Researchers claim they have successfully tested a new vaccine for malaria. The findings were published Thursday by the peer-reviewed journal Science. The trials involved 57 subjects, including 40 who received the vaccine, between October 2011 to October 2012.
The vaccine involves multiple, intravenous injections of a weakened form of the disease, scientists from the National Institutes of Health, the Navy, Army and other organizations reported Thursday. Though the results were promising, more extensive field testing will be required, the researchers wrote.
Malaria, a mosquito-borne tropical disease, kills about 1 million people a year and sickens more than 200 million. Dr. William Schaffner, head of the preventive medicine department at Vanderbilt University's medical school, called the results "a scientific advance" -- but it may be eight to 10 years before the vaccine can be scientifically proven, approved and distributed.
"This is not a vaccine that's ready for travelers to the developing world anytime soon," Schaffner told CNN. "However, from the point of view of science dealing with one of the big three infectious causes of death around the world, it's a notable advance. And everybody will be holding their breath, watching to see whether this next trial works and how well it works."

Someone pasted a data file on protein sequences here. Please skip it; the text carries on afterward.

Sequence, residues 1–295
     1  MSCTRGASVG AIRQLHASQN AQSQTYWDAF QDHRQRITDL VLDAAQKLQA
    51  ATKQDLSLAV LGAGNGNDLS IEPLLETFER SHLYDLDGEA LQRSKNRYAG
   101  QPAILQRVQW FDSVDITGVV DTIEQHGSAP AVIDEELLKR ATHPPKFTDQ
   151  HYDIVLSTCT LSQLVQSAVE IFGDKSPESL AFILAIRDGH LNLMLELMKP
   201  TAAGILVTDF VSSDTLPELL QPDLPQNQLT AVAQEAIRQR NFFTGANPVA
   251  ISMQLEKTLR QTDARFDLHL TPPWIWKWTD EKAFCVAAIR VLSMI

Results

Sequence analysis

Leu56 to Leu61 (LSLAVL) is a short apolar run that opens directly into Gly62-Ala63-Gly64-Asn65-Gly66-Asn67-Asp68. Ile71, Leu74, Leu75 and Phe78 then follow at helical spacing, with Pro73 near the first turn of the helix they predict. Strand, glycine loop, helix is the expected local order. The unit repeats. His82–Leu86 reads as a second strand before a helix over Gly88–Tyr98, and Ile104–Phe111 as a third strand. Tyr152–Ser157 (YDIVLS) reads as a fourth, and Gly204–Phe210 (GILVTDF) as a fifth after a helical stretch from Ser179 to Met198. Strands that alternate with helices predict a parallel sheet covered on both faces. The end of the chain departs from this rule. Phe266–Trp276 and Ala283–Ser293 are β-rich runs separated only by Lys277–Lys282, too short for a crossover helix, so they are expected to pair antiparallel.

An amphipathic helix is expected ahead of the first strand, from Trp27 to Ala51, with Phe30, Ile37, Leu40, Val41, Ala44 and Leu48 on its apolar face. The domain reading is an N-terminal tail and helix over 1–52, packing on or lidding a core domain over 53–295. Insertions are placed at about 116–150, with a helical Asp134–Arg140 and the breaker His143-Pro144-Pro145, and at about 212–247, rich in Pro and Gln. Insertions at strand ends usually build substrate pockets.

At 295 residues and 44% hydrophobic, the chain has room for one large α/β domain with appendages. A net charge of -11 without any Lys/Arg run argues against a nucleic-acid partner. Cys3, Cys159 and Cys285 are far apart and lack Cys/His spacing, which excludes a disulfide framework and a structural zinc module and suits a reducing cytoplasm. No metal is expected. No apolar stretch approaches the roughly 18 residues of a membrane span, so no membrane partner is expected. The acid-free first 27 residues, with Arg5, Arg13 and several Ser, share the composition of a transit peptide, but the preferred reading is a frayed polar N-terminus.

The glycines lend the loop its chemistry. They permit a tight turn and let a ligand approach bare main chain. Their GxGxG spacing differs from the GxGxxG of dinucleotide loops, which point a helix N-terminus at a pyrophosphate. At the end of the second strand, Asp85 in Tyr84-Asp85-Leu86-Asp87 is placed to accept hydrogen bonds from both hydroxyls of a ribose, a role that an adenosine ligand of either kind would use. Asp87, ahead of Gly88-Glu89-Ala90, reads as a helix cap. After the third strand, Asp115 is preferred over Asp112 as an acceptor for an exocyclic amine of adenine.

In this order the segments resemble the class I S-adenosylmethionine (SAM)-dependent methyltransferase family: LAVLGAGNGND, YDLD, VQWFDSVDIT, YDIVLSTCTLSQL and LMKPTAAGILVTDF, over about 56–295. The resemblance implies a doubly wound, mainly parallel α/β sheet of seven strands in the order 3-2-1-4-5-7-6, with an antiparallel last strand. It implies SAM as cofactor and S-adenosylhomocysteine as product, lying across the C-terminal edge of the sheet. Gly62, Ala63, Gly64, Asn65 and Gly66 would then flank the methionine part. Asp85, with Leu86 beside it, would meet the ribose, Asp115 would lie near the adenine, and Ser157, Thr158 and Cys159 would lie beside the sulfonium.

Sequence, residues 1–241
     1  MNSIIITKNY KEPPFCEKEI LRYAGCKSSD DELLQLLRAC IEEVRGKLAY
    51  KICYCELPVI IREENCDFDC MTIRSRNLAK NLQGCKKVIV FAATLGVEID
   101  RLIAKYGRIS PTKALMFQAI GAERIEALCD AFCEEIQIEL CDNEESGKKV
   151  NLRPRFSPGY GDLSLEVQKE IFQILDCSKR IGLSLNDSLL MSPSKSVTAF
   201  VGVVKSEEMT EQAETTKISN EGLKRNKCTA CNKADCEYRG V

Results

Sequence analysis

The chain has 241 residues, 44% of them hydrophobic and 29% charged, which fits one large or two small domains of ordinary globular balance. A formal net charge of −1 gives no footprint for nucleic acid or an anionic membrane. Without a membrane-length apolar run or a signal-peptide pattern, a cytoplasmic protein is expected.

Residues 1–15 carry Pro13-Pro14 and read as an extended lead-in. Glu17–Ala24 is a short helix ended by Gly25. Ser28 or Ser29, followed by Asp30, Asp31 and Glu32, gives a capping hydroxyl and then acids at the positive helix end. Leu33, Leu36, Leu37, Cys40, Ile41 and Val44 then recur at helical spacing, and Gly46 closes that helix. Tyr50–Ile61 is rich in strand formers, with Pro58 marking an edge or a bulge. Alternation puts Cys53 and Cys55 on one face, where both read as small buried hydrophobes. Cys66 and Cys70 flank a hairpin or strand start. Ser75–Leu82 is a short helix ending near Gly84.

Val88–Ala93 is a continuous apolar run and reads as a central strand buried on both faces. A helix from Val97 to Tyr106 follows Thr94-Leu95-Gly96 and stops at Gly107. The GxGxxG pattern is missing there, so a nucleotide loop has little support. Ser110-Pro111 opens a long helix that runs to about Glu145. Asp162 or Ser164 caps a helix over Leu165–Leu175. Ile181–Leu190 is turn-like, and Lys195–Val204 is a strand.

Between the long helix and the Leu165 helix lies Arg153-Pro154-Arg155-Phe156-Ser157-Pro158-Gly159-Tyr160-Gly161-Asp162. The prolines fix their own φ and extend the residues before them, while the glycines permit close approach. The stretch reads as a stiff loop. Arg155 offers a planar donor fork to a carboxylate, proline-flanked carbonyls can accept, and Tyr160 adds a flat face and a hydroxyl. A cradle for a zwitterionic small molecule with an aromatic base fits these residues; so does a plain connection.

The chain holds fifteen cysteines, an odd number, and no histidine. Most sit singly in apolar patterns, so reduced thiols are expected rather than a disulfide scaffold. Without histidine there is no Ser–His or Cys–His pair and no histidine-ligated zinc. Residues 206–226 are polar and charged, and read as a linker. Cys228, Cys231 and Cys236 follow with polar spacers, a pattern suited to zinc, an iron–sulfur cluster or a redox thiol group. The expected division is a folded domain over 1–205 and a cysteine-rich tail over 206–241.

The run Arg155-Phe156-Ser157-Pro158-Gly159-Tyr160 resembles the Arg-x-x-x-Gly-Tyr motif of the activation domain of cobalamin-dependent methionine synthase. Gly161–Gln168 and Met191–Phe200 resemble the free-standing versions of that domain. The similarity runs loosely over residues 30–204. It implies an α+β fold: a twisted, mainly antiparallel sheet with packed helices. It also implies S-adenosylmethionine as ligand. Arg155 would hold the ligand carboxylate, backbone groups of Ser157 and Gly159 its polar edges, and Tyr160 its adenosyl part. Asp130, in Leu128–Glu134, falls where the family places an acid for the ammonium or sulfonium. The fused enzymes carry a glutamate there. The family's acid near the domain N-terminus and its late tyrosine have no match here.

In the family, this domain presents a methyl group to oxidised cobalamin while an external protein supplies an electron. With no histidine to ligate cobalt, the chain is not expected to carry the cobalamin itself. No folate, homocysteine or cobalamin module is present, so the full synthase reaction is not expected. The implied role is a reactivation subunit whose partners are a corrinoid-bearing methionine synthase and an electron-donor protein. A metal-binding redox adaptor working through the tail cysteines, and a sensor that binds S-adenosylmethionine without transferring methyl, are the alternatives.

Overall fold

Researchers reported that the six volunteers who received five intravenous doses of the vaccine did not contract malaria when exposed to the microscopic parasite. Of the nine who received four doses, three contracted the disease.
Schaffner, who was not part of the study, said previous attempts using injections into skin or muscle didn't work. Multiple, intravenous injections are "a heck of a way" to administer a vaccine, but "desperate times call for desperate measures," he said.